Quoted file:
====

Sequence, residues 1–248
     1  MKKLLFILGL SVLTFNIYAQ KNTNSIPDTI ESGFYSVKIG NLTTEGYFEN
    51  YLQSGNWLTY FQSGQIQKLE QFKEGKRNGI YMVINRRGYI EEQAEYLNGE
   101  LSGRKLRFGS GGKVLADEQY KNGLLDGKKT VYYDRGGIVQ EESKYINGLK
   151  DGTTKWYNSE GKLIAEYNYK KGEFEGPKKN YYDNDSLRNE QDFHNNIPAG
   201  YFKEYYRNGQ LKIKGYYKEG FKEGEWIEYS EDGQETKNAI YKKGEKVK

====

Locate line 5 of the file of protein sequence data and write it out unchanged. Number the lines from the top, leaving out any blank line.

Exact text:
   151  DGTTKWYNSE GKLIAEYNYK KGEFEGPKKN YYDNDSLRNE QDFHNNIPAG